I am 50 now but used to be a severe anorexic. It lasted for approximately two years, though it really came out in my early 30's (I'd had "food problems" for years, thus was ripe for the full-blown illness). I read every book written on the subject, not to get well but to learn any new "tricks" that maybe I'd overlooked. I knew exactly how many steps I needed to walk from living room to kitchen to make a mile, and exactly how many calories I could burn. I'd cook foods and purposely burn them. I couldn't vomit, as that to me was a real sign of being "out of control," so I had to starve. I was taking 50 laxatives a day. I'd lay there at night, fearful and certain I was dying. Yet it seemed nothing could stop me. I had the classic symptoms.

Then I was tried on an MAO inhibitor. For me, it was like a miracle. This medication changed me in just days. I could no longer starve myself if I tried, or rather, have the obsessions that had consumed so much of my waking hours. Still, it took a couple years and many dental appointments to look somewhat "normal," and I still believe that I suffer GI problems due to the laxative abuse. But I can say that it is a thing of the past, and probably also one of the worst times in my life, one of the darkest. I know the medication doesn't work for all, but I do think there is a strong link between depression and anorexia, or at least it has a biological basis to it. Thanks.

Moz from Minnesota

I am 36 years old and am currently suffering from anorexia. I have a history of bulimia, 18 years of it actually. I don't know a normal relationship to food. All I know anymore is that food and weight reflect my inner emotions—the conflicts I have that no one ever sees. When I feel I am nothing, that my existence is merely a waste of space, I starve, making my reflection the 'nothing' that I feel inside that I am.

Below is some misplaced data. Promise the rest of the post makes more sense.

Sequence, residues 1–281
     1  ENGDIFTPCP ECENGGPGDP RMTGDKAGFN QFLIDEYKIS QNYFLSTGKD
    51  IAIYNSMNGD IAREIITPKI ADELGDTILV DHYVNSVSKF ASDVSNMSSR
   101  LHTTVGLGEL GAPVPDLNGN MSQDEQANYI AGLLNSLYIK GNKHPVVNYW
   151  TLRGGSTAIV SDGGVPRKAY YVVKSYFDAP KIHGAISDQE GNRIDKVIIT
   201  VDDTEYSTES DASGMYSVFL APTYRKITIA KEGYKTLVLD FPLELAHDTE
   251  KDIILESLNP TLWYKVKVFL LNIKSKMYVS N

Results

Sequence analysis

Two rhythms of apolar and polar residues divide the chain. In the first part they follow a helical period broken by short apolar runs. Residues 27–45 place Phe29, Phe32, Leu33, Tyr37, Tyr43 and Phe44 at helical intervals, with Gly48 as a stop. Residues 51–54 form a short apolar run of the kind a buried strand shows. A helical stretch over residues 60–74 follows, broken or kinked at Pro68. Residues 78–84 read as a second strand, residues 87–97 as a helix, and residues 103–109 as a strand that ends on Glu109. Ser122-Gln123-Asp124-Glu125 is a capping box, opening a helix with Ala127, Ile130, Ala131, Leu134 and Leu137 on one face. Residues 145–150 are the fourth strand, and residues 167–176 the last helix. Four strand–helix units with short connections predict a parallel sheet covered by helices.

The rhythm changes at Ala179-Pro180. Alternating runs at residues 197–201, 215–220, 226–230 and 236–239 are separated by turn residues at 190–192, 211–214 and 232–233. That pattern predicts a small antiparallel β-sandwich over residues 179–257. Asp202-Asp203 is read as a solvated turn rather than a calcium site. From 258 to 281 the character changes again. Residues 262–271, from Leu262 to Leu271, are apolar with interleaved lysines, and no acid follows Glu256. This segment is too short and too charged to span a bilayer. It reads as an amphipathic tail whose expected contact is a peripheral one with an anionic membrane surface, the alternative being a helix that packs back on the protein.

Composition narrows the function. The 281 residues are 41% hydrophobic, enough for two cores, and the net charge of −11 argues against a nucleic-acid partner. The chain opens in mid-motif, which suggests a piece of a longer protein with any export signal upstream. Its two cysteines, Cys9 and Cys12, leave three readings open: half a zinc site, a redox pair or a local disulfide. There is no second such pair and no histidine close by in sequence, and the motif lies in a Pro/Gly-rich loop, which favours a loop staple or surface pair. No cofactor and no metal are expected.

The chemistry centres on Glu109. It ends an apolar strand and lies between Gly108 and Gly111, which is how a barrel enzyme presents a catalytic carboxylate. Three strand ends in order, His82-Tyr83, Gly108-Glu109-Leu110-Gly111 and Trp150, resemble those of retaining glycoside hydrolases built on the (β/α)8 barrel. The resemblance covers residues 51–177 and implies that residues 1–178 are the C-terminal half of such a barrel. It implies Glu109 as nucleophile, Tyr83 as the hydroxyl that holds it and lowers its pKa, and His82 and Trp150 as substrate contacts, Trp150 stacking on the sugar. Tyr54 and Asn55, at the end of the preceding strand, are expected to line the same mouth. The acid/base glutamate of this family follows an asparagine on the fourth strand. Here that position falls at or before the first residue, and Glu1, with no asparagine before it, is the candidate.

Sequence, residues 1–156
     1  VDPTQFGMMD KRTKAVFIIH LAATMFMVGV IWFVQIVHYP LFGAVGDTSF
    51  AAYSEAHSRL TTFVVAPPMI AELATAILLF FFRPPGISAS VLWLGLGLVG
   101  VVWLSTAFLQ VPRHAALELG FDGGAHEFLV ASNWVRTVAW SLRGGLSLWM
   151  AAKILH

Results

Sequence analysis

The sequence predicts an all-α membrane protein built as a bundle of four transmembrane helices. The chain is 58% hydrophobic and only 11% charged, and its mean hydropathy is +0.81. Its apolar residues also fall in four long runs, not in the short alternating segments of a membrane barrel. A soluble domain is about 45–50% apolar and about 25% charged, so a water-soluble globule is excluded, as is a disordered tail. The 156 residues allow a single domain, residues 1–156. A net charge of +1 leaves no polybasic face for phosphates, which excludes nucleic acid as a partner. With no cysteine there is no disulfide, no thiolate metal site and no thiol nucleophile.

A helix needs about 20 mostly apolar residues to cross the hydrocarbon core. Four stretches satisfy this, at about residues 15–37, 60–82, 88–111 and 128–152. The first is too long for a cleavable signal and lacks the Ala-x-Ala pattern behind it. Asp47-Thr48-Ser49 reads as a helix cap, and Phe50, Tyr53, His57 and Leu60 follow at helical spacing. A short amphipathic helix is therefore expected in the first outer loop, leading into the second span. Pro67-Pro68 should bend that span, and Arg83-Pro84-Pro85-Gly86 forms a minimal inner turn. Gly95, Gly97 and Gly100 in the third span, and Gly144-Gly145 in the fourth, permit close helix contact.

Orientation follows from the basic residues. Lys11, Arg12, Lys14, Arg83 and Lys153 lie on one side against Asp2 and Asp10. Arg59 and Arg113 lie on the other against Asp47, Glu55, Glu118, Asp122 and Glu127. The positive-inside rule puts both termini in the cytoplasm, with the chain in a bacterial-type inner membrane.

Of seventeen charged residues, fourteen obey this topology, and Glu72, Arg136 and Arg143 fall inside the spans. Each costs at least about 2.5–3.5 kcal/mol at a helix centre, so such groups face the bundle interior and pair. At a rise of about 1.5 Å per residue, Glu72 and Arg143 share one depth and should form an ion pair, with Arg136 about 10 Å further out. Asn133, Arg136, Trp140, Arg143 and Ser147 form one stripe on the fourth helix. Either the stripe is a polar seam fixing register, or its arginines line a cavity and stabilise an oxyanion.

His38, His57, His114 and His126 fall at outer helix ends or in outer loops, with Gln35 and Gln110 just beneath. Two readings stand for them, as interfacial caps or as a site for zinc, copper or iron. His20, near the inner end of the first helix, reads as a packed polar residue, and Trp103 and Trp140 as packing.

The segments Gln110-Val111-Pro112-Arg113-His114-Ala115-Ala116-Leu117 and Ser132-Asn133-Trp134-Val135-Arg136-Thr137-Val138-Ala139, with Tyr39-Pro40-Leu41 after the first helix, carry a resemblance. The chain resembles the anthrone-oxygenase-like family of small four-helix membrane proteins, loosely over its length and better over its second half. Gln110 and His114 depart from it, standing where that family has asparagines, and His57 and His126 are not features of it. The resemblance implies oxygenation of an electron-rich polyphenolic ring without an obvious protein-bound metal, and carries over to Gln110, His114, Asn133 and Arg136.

This existence is painful. I wish no one else the tormented life of an eating disorder. It is my life. There is no room for anything else. I obsess by the minute about what food I can (or can't) eat. I exercise three to five hours a day when I'm strong enough. I abuse laxatives, diet pills, ipecac. Losing my life is not as important to me as losing that next pound.

Yes, I am in therapy, but it is outpatient treatment, and that is very limited. While my therapist is wonderful, I know I need inpatient treatment. Unfortunately, the HMO healthcare system is a joke. It will not allow me access to the very help I need. So I am left to live this way, or die this way. I know my body is falling apart. I feel death inside me. I know I push my body to its limits, asking it to get just one pound smaller. I'm crying while I write this, because I feel so completely trapped in this nightmare.

For anyone who is just starting on this path, PLEASE get help. There is no real life in this eating disorder. It will destroy your life, then take it. I'm sorry to sound so depressing, but this is the reality of being in the midst of anorexia. Please, if you read this and know you need help, get it NOW.

Living in the shadow of anorexia,

Ann from California

I am a surviving victim of anorexia and bulimia. I am proof that people can recover from this debilitating disease. However, the more we educate young girls (and boys) that health is of the utmost importance and not thinness, we may have a chance at destroying this horrendous epidemic. We need to deliver the message that eating disorders can kill.

The media needs to stop perpetuating anorexia by idolizing images of emaciated women. Though the media is entirely responsible for the epidemic, it certainly contributes to its spread. We also need to provide our children with a sense of security and safety to ensure that they don't turn to food (or lack thereof) for control. Support and love can facilitate health. And health and happiness is our goal, isn't it?

Jennifer from Maryland